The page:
| Tokyo POW Camp #1-B
Kawasaki #1 POW Branch Camp
24 Aug 1942: Camp established as KAWASAKI PROVISIONAL POW CAMP (KARI SHUYOSHO) (NIPPON TSUUN)
July 1945: Unknown number of men moved north to Tokyo #8 Branch (Hitachi) Motoyama.
25 Sep 1942: Renamed TOKYO POW CAMP No. 1-B
Sep 1945: Rescue Effected
Excellent narrative and camp experience of David Wilson, British sailor on the SS Willesden, sunk by German raider Regensburg. Turned over to Japanese at Yokohama on 7 Jul 1942. Interned at the Kawasaki #1 POW Camp.
PHOTOS: Includes picture of camp buildings during war and post war aerial from fighter plane.
MacArthur Report: Location- 35.31'N-139.42"E, 21 US out of 400 prisoners. Camp has thirty barracks and is located 2½ miles from Odacho station (RG 331).
| Primary Labor Use:
Slave labor in Kawasaki ship yard
Kamakura Maru- unknown number of Australians on board
Recreated American roster based upon handwritten roster April 1944.
Rosters (RG 407 Box 115) - American, Dutch, British, Norwegian, Irish, Canadian, South African, Australian, Estonian, Chinese, British Indian and New Zealanders; includes data on Shinagawa Hospital. Some rosters separate POWs by nationality, others list them mixed together. Details of previous camps provided on some rosters.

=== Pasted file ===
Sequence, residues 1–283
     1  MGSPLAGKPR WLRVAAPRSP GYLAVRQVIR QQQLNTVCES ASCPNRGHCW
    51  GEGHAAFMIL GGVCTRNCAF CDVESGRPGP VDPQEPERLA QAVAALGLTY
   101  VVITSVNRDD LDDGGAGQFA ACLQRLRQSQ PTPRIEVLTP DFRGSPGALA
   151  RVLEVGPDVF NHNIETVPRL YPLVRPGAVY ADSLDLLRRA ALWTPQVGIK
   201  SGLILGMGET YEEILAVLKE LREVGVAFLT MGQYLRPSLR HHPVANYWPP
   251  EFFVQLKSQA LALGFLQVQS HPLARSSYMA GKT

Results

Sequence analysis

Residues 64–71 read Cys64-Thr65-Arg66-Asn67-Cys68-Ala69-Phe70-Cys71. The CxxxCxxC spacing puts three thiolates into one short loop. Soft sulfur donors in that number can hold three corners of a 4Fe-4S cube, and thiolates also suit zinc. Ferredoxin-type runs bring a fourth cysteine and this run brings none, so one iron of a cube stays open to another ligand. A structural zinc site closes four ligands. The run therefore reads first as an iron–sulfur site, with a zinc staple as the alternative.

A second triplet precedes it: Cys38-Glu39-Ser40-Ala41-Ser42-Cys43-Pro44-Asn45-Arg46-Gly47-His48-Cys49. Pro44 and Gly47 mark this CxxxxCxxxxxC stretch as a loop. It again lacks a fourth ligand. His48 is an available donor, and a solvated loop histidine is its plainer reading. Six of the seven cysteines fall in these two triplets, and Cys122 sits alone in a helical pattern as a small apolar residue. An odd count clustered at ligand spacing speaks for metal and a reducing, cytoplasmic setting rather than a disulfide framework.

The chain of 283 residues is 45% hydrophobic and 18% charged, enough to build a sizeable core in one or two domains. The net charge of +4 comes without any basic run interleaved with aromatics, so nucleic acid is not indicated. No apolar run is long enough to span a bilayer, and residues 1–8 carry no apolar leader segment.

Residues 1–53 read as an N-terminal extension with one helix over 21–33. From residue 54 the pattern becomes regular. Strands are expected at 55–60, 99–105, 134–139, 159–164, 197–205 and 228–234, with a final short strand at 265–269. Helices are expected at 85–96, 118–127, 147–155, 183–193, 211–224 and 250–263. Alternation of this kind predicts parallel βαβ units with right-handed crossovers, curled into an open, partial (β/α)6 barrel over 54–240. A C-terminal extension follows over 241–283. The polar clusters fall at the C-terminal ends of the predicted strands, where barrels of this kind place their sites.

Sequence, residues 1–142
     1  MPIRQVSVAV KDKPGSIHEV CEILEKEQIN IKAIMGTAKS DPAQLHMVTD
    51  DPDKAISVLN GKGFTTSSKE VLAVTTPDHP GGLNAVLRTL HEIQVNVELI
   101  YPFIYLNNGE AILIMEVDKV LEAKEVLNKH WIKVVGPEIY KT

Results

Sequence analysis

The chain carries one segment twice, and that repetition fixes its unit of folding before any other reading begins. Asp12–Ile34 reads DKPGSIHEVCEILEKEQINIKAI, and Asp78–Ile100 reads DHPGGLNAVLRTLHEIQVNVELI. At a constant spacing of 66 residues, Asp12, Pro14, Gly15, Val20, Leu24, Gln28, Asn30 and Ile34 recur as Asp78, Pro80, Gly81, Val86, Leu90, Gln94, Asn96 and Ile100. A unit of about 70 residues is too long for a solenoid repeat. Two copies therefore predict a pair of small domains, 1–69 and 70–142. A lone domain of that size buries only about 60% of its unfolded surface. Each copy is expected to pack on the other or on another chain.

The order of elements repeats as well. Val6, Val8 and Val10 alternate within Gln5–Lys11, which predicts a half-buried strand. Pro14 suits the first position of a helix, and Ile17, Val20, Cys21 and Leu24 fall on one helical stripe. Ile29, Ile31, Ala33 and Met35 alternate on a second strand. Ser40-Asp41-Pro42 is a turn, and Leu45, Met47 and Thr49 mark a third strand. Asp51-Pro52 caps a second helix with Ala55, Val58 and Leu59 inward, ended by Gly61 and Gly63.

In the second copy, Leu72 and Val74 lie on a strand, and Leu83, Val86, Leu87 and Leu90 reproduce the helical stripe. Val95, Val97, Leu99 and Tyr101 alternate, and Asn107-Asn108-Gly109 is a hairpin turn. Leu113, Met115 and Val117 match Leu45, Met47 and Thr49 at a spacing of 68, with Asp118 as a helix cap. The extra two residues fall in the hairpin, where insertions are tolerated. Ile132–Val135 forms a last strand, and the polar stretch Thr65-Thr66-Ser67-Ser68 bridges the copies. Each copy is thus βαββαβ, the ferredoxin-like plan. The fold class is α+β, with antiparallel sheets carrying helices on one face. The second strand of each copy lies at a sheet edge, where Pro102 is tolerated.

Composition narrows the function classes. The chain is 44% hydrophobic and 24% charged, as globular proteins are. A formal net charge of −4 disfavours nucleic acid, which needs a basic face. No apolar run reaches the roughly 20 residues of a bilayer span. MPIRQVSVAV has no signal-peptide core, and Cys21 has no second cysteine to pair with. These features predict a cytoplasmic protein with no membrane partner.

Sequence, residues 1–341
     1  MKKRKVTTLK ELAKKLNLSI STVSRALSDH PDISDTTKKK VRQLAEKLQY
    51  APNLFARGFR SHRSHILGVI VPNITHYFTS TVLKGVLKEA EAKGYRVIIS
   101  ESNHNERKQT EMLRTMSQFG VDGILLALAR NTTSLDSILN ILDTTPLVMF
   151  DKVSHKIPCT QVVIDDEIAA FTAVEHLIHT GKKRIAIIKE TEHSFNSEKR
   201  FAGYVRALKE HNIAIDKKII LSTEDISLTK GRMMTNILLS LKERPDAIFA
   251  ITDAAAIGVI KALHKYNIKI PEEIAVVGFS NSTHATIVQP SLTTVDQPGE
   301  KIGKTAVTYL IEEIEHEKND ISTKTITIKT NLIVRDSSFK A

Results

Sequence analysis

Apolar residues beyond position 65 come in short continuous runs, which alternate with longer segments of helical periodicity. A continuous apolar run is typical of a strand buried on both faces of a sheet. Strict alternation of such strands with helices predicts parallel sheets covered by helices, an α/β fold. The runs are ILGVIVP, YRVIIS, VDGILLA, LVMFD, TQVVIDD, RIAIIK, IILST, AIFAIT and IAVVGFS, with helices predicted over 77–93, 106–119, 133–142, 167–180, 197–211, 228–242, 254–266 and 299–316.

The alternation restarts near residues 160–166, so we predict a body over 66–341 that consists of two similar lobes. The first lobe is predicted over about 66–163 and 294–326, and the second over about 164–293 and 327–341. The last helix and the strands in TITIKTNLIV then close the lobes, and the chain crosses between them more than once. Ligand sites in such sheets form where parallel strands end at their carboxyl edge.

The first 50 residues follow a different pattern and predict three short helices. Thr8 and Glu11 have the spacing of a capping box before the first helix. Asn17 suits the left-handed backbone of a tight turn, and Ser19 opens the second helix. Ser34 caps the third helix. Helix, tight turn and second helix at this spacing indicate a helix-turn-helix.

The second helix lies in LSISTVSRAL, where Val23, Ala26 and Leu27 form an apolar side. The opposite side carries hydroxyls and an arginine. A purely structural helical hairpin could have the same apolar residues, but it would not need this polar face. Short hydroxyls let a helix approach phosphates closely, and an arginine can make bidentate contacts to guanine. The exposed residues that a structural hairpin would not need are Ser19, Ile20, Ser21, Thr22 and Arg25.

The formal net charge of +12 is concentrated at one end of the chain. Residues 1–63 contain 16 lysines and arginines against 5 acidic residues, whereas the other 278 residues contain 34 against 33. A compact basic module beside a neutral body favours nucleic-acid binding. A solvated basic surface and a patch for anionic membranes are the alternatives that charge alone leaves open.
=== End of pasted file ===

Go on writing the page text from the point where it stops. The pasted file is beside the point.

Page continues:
Combined death roster of Tokyo #1 and #2 Camps
Death rosters for all Tokyo camps
Recovery Team Report: Report on Kawasaki #1 Camp by 2nd Lt Robert Dolder, leader of Recovery Team #56
Japanese Camp Staff:
A complete list of Japanese staff at date of surrender.
Diary of Dorsey Walker-Guam Navy man- excellent daily log from 1943 to end of war- vivid description of air raids in area.
Memoir from Bob Denmark, a gunner on the SS Kirkpool said 18 naval and five military personnel on board the Kirkpool were taken to Kawasaki #1 in Tokyo. (Civilians mostly sent to Fukushima). Kirkpool and Nankin sunk by German raider Thor.
BOGLE, Robert E., Sub/Lt., R.N.V.R., of the Nankin, was taken to Zentsuji.
Bernice Clifford ("BC") Hart - Diary and assorted letters (courtesy of James Hart)
Known Information: E-mails from researcher Mark Derby in New Zealand and Chris Best in England.